Thomas Paine's Common Sense may well be the most influential polemic in all of American history. Published anonymously in 1776, six months before the Declaration of Independence, this incendiary call for Americans to revolt against British rule converted millions to the cause of independence and set out a vision of a just society liberated from the yoke of the crown. Paine's pamphlet was the first to speak directly to a mass audience - and his assertive and often caustic style embodied the democratic spirit he advocated.
This expanded edition also features Paine's The American Crisis I, the first in a series of pamphlets aimed at bolstering American morale during the Revolution. An introduction by preeminent constitutional expert Richard Beeman traces Paine's origins and illuminates the significance of these writings.
About the Author
Thomas Paine was born Thomas Pain in Thetford, England, on January 29, 1737, the son of a poor corset-maker. Paine came to America in 1774, was appointed editor of Pennsylvania Magazine and became active in the call for American independence from England. His revolutionary pamphlet, Common Sense, was published in 1776, sparking some of the first public calls for America to rid itself of British rule.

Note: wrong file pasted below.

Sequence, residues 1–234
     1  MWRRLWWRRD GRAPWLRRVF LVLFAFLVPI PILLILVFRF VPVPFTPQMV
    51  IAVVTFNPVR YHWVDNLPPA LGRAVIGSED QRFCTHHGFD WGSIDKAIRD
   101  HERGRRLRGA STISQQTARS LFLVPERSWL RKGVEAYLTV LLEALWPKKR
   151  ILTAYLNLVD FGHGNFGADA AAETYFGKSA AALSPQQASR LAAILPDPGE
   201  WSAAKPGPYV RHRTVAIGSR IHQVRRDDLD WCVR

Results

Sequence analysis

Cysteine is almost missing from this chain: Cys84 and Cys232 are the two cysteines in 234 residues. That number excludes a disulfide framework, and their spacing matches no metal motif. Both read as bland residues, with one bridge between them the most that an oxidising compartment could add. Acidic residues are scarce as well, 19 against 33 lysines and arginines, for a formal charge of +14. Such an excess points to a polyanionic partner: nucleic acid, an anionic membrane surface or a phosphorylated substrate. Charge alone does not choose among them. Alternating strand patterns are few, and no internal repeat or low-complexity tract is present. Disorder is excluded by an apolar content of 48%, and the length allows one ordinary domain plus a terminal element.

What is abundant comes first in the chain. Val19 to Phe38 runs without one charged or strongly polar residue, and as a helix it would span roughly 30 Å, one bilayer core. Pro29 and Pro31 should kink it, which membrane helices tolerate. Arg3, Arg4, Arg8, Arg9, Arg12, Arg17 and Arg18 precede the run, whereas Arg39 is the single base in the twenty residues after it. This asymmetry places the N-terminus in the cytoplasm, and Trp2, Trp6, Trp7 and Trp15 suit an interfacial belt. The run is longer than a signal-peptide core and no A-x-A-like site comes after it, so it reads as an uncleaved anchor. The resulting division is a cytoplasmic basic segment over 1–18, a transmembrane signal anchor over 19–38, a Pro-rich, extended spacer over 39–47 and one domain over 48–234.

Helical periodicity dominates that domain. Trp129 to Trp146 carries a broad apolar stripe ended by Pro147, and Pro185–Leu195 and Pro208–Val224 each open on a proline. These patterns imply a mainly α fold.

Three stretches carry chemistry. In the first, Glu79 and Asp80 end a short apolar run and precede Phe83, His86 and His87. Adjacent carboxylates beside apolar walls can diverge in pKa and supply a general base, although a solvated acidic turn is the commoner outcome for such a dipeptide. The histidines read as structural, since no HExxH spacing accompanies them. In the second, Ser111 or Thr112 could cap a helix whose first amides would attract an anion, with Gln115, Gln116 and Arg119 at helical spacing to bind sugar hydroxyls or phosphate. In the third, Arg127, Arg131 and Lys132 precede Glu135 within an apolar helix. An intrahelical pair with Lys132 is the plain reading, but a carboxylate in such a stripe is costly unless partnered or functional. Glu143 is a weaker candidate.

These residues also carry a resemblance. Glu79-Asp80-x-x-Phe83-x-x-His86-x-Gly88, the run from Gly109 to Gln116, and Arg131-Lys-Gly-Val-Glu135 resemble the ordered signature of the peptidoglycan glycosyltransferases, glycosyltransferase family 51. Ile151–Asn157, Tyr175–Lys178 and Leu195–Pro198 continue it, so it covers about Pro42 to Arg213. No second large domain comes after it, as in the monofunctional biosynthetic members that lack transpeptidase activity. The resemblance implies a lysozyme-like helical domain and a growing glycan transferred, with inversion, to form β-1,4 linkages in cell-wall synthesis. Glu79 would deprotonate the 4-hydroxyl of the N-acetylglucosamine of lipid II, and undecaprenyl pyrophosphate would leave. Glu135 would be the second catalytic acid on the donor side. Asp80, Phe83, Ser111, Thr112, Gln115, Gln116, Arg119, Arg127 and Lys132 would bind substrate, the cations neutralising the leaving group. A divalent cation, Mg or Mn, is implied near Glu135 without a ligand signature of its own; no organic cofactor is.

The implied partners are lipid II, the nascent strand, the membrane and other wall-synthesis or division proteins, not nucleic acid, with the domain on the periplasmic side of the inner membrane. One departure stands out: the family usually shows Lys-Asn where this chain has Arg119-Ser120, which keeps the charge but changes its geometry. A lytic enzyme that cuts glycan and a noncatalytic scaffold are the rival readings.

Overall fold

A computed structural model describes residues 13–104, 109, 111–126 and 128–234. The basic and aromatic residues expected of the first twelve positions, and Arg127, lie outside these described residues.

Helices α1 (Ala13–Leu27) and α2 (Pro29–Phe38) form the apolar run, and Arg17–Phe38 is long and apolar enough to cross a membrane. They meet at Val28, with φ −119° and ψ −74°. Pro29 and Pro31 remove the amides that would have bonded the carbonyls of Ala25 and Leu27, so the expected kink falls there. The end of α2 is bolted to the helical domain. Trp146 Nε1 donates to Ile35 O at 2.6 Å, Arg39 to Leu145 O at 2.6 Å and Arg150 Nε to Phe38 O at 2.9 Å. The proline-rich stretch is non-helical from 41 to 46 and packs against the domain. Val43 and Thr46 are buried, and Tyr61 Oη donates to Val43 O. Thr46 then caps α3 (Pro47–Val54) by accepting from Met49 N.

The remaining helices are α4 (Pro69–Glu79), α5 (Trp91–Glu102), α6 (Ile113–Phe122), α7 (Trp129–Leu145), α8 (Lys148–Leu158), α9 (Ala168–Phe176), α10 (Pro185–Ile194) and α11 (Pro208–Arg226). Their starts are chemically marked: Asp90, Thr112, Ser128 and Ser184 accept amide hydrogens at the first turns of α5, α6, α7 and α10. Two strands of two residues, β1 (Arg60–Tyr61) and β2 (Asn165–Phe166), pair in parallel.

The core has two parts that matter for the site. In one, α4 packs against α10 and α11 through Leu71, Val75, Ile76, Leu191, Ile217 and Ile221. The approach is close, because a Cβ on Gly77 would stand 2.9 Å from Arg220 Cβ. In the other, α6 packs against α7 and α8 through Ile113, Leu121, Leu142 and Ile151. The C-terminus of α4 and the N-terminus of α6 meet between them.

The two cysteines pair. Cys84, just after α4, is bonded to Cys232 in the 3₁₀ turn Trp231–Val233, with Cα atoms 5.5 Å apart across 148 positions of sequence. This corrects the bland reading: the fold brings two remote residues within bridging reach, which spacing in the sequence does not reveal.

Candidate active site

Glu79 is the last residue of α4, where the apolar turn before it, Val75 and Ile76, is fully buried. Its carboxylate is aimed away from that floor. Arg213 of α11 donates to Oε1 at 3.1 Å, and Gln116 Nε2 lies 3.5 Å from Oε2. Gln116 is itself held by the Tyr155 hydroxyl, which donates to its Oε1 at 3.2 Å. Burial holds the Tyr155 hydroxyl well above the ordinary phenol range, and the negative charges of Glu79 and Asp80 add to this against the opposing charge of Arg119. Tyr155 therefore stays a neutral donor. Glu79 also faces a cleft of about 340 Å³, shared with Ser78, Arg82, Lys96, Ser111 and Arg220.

He spent the next fifteen years of his life in England and France and wrote several more political pamphlets, including The American Crisis (1776-1783), Rights of Man (1790), The Age of Reason (1794), and Agrarian Justice (1796). Richard Beeman is John Welsh Centennial Professor of History Emeritus at the University of Pennsylvania. He is the author of seven previous books, among them The Penguin Guide to the United States Constitution and Plain Honest Men: The Making of the American Constitution and editor of the six-volume Penguin Civic Classics series.
"No writer has exceeded Paine in ease and familiarity of style; in perspicuity of expression, happiness of elucidation, and in simple unassuming language." --Thomas Jefferson